A brief description of the 5 stages of video post production

When we finish shooting a film, we always enthusiastically shout ‘That’s a wrap!’, and briefly feel relaxed and relieved, as if the filmmaking process is over. Then we quickly realise there’s so much more to come, because video post production is just as important as any other production stage, it requires time and close attention to detail during every step.

Let’s take a look at the 5 main stages involved in video post production and what each one entails.

The most commonly used video editing softwares are Adobe Premiere Pro, Final Cut Pro (if you work on a Mac computer) and Avid Media Composer. So if you can afford these, make sure you find which works best for you.

If you need some beginner video editing guides you can also find very helpful videos on YouTube.

Like this one for Windows PC:

And this one for Mac users with Final Cut Pro:

 

1. Logging

Logging is probably the least exciting phase of video post production, but a crucial one. It’s when you go through all your footage, label your files, organise them into different folders, known as bins on editing software, and cut out anything unusable. Not only does this process sort your footage neatly, but it also gives you a chance to see everything you have to work with.

I believe it’s good practice to do this yourself and watch all the footage, but if you need assistance there’s some software that can help you, like Kyno.

 

2. Assembling

video post production

Once you’ve logged all your footage you can start assembling it into your editing timeline. When you put all your footage in order, including multiple takes of each shot, according to the storyboard or the script, it will of course look very long and a bit messy. That’s ok! You’re just getting them on there for an idea of what the final product will look like. Once you have everything in order, you can start cutting it down.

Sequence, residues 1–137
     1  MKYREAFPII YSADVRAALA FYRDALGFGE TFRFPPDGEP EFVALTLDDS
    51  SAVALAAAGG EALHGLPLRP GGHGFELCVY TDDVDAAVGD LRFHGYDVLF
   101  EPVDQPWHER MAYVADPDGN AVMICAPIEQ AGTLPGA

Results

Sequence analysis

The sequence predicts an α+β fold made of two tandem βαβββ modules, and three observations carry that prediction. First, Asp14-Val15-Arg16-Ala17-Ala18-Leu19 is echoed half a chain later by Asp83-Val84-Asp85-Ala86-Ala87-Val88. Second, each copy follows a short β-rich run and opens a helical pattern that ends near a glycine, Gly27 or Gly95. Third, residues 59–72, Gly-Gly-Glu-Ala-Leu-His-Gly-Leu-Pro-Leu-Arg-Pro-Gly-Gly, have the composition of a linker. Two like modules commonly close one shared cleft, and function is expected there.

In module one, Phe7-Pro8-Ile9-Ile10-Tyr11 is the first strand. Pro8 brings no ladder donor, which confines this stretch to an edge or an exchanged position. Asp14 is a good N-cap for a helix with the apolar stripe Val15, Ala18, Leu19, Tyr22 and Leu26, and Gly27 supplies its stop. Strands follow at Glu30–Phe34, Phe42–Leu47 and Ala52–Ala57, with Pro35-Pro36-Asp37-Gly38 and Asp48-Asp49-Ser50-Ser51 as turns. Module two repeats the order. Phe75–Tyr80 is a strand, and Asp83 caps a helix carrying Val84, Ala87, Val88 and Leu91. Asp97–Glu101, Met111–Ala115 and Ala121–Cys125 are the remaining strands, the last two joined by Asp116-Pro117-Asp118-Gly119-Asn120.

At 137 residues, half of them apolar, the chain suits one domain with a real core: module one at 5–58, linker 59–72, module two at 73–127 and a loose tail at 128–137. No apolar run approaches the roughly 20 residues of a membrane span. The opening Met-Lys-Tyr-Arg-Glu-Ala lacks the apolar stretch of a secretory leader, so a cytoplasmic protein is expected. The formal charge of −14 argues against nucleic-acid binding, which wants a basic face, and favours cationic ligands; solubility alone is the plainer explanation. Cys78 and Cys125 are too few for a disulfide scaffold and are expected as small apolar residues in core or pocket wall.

3. Rough Cut

Cutting down your massive timeline to only the footage you will actually be needing, results in the Rough Cut. This is essentially a first draft of the film, which doesn’t need to look polished, but needs to clearly show the contents of the video. This includes picking out the best version of each shot, matching the action from one part to the next and making sure the pace is smooth. If you’re working with a director, they will probably be sitting with you at this point, sharing their input and feedback.

 

4. Fine Cut

This is where you take your rough cut and polish it. This is slow and tedious, but very important, because it’s where you need to pay attention to every tiny detail and fix any issues. Keep an eye out for continuity errors, boom shadows and any other subtle issues.

If you’re working with a large team, you’ll probably be ‘picture locking’ after this stage, meaning the edit will be final and passed on to other departments for the final cut adjustments. If you’re working alone, you can technically always fix things, but it’s still best to sort any problems out at this stage.

 

5. Final Cut

video post production

If your’e an editor on a big budget project, you’ll probably get to relax at this point while the experts in different departments take over and work their magic. This stage of video post production includes colour grading, VFX, motion graphics and closed captioning. For more detail on each of these you can visit the Adobe website.

If you’re working alone you will still be busy at this point, but close to seeing the final cut, which is the completed version of the film.

 

For more detail on these stages of video post production you can visit this article.

You can also read our article about Audio Post Production.

However, you can skip all these steps and just hire someone else to do it. Contact us at Nostairway today to discuss your video post production needs. We have a great set up in our office in Chiswick and we’re ready to take on any project you have.

video post production